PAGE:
James Forsyth

This is just the start of the Brussels-Britain bust-ups

This is just the start of the Brussels-Britain bust-ups
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This is a crucial year for the UK’s two most important relationships, I say in the magazine this week. If the Johnson/Biden diplomatic relationship has got off to a better start than expected, the same cannot be said of the post-Brexit UK/EU one.

The alignment between Johnson and Biden on climate change, Russia and China is helping the alliance. This relationship should become closer still given the two side’s agreement on China, the most important geo-political issue of the decade.

Earlier this month, Kurt Campbell — who will hold the pen on Asia policy in the Biden White House — wrote an essay in Foreign Affairs detailing ways in which the US should work with other Asian countries to check ‘Chinese adventurism’.

Crucially, it highlights the importance of cooperation with India, a point also made by the new Secretary of State, Antony Blinken, at his confirmation hearing. Some Democrats had been wary of working with India, given Narendra Modi’s Hindu nationalist tendencies. But the Biden administration appears to be taking a more pragmatic stance. This approach simplifies things for the UK, which is keen to build on its own relationship with New Delhi.

Campbell endorses the idea of the D10, a combination of the G7 and India, Australia and South Korea who Johnson has invited to this year’s meeting, in his essay, and also proposes two other alliances to help balance China’s rise.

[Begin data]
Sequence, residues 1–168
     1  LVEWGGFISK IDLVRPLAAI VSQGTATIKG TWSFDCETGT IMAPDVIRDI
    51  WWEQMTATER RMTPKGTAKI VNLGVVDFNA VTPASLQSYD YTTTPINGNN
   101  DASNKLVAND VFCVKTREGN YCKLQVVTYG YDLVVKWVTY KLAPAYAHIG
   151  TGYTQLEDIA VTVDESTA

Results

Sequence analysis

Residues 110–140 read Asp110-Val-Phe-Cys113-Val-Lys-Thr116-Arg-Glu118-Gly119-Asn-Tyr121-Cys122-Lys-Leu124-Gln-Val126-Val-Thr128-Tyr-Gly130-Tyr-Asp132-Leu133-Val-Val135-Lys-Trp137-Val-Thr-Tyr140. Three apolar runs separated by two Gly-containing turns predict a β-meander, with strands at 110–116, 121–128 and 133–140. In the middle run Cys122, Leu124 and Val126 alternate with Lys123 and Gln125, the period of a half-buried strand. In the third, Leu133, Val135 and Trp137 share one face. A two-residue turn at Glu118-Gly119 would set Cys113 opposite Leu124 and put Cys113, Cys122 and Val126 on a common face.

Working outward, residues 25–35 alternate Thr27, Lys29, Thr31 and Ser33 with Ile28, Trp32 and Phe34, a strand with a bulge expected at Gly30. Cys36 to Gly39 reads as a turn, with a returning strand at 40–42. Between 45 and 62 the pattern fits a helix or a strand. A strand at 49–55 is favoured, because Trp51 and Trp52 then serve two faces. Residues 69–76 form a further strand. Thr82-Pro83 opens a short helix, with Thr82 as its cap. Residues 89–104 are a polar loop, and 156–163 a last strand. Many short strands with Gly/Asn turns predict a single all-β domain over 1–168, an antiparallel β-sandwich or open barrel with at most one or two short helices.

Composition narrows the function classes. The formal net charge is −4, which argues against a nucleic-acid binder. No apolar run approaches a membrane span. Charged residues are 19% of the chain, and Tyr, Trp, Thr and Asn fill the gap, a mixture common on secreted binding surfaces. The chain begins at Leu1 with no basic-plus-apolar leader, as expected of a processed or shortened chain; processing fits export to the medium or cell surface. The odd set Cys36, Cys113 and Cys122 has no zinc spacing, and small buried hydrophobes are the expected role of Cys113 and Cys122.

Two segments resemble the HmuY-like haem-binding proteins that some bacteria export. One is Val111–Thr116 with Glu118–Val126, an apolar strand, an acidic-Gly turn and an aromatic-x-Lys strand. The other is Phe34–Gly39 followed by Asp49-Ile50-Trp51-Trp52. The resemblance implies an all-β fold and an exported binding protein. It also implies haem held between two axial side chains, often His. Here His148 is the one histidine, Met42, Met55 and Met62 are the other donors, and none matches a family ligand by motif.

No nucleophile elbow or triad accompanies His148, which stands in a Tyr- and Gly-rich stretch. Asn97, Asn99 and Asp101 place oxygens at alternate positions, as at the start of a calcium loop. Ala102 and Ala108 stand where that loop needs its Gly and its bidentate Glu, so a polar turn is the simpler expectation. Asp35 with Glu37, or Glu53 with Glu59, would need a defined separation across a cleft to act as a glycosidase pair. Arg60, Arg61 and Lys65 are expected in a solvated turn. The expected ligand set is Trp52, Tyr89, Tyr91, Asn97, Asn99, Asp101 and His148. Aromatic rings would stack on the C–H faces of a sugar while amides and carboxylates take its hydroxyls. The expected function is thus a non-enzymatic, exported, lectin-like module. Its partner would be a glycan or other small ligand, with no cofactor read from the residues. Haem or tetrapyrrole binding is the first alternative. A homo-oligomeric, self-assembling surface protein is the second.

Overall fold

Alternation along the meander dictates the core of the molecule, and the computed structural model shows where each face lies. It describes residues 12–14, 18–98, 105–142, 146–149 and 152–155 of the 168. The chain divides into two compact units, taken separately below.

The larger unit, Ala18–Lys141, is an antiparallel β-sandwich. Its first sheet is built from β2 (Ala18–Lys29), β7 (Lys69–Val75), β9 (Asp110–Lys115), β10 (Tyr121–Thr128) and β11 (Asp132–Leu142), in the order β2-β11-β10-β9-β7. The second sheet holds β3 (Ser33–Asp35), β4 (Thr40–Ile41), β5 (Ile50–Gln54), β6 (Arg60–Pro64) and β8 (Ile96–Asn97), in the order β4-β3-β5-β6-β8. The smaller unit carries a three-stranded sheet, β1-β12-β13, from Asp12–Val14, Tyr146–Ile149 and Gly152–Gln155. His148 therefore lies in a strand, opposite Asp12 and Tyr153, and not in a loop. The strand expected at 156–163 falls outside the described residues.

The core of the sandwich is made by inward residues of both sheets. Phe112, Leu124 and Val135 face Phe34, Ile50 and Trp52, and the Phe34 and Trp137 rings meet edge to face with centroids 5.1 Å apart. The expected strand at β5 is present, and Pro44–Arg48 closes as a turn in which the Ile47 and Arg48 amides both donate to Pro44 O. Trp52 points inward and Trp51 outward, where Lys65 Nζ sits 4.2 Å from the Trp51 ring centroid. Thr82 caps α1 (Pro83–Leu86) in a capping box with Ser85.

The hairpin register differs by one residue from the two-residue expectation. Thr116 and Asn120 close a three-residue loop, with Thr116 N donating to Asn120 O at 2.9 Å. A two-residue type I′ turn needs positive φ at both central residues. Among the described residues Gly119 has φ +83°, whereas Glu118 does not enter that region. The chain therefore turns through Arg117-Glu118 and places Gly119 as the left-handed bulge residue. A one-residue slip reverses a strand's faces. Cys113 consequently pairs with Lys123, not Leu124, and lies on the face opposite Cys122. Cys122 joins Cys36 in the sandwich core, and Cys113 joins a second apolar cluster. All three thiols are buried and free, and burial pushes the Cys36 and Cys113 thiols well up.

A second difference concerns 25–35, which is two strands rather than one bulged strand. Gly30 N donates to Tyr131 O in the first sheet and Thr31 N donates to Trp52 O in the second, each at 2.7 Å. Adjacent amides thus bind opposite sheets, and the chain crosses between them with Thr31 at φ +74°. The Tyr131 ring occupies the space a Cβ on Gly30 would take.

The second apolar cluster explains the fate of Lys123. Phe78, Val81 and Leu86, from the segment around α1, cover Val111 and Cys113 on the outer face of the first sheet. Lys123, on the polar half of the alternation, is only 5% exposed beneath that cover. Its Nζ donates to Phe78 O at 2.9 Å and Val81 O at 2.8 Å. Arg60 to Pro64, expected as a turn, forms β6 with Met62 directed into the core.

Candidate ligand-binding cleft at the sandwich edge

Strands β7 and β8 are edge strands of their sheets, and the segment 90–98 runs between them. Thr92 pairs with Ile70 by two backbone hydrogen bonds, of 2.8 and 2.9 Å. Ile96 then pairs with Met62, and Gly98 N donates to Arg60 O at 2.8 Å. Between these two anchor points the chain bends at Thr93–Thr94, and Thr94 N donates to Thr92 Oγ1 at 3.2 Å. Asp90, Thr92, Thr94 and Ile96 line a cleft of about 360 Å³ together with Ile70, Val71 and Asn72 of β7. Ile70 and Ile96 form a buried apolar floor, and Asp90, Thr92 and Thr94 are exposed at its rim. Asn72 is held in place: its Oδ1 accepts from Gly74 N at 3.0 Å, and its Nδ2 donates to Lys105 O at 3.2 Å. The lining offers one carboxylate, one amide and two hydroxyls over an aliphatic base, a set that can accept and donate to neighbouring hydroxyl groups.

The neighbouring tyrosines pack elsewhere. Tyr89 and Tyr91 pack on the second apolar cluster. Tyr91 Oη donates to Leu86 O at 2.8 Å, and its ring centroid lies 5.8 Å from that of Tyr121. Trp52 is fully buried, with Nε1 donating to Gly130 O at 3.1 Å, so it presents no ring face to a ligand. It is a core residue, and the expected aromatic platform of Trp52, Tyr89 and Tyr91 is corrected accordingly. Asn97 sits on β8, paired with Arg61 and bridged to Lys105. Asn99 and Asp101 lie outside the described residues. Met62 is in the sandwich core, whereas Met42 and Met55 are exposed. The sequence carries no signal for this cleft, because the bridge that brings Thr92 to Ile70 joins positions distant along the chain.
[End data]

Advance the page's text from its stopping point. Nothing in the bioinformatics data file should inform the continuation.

First, an expansion of the ‘Quad’, which organises military cooperation between the US, Japan, Australia and India.

Second, a grouping based on human rights, bringing together the 24 countries that have condemned Beijing’s treatment of the Uyghur Muslims and its curtailment of Hong Kong’s freedoms. I understand that the UK would expect to join both of these alliances.

The first month of the post-Brexit UK/EU relationship has been defined by rows over the status of the EU’s ambassador and vaccines. There will be plenty more rows with the EU in the next few years, as the two sides settle down into a new relationship. The EU will attempt, often in not particularly edifying ways, to assert itself as the bigger partner.

Without doubt, a significant part of the future UK-EU relationship will be competitive. But this element of the relationship should not prevent Britain and the EU from remembering that we are, foremost, allies — both with each other, and in an American-led western alliance.